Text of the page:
While the revolutionists within the Socialist party can readily support the N.E.C. resolution on the united front they must on the other hand severely condemn the resolution on the Revolutionary Policy Committee. That resolution considers the theory that “armed insurrection is a proper Socialist method of achieving socialist aims as a dangerous departure from socialist principles and tactics”. The N.E.C. goes on to say that “such doctrines are not only in conflict with the position of the Socialist party but are subversive of its aims and purposes.”

Had the majority of the N.E.C. remembered the declaration of principles adopted at Detroit it would have remembered a clause contained in that declaration to the effect that “if the capitalist system should collapse in a general chaos and confusion which cannot permit of orderly procedure, the Socialist party whether or not in such a case it is a majority will not shrink from the responsibility of organizing and maintaining a government under the worker’s rule.” If the above quotation means anything at all it means that the Socialist minority must obtain power through an armed insurrection. How else could a minority achieve power? Without attempting too extensive an analysis of the quotation it at least gives rise to the inference that there may be some circumstances justifying an armed insurrection. It can therefore be said that those members of the NEC who voted for the declaration and also voted for the resolution placed themselves in an inconsistent position. They should publicly state that they have either changed their minds on the declaration or they overlooked that point and made a mistake in voting for the resolution.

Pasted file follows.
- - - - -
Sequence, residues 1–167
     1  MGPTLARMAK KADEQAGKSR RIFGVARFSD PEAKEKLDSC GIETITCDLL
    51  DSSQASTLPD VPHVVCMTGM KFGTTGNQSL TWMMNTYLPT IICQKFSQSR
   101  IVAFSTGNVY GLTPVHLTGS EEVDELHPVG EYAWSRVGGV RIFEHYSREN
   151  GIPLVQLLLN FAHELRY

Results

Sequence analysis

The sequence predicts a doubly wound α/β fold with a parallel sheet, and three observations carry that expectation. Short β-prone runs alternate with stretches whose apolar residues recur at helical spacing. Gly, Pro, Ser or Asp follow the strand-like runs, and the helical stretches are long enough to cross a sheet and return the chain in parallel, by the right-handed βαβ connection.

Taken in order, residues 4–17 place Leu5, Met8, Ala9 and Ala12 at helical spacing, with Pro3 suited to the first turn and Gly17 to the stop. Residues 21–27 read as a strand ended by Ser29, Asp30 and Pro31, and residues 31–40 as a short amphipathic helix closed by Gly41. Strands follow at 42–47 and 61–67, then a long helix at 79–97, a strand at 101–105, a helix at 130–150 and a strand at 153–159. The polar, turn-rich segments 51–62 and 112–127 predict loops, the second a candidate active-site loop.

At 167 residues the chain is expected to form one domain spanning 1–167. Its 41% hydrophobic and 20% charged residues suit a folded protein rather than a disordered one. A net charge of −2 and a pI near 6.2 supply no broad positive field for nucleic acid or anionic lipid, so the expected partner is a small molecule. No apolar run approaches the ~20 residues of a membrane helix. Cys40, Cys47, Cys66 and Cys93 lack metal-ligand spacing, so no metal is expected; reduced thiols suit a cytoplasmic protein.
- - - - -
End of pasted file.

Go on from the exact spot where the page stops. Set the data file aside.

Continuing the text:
The phrase “armed insurrection” occurs in an article in the Revolutionary Socialist Review which gives excerpts from an Appeal to the members of the Socialist Party. The Appeal published in April 1934 contains no such phrase. Whether or not it was inserted in the Excerpts or whether the Appeal was changed to include the phrase we are not in a position to state. We shall assume that the change was made with the consent of the members of the Revolutionary Policy Committee although several members of that committee have asserted the contrary to be the truth.

What caused the authors of the Excerpts to insert the phrase, “armed insurrection”? Suspicious people have intimated that the phrase was inserted with the express purpose of getting members of the R.P.C. expelled and thus add to the membership of the Lovestoneites. No evidence has been presented to prove that contention and we must therefore dismiss it. Obviously the leaders of the R.P.C. wanted nothing loft to inference and imagination. They wanted to show in detail exactly what the Workers’ Councils would do to achieve power. A praiseworthy intention but neither correct nor necessary under all conditions. It is worth a whole lot to keep the party legal and to do that it is certainly worth while to refrain from using the term “armed insurrection”. We are of the opinion that the leadership of the R.P.C. committed a grave error in changing the original Appeal.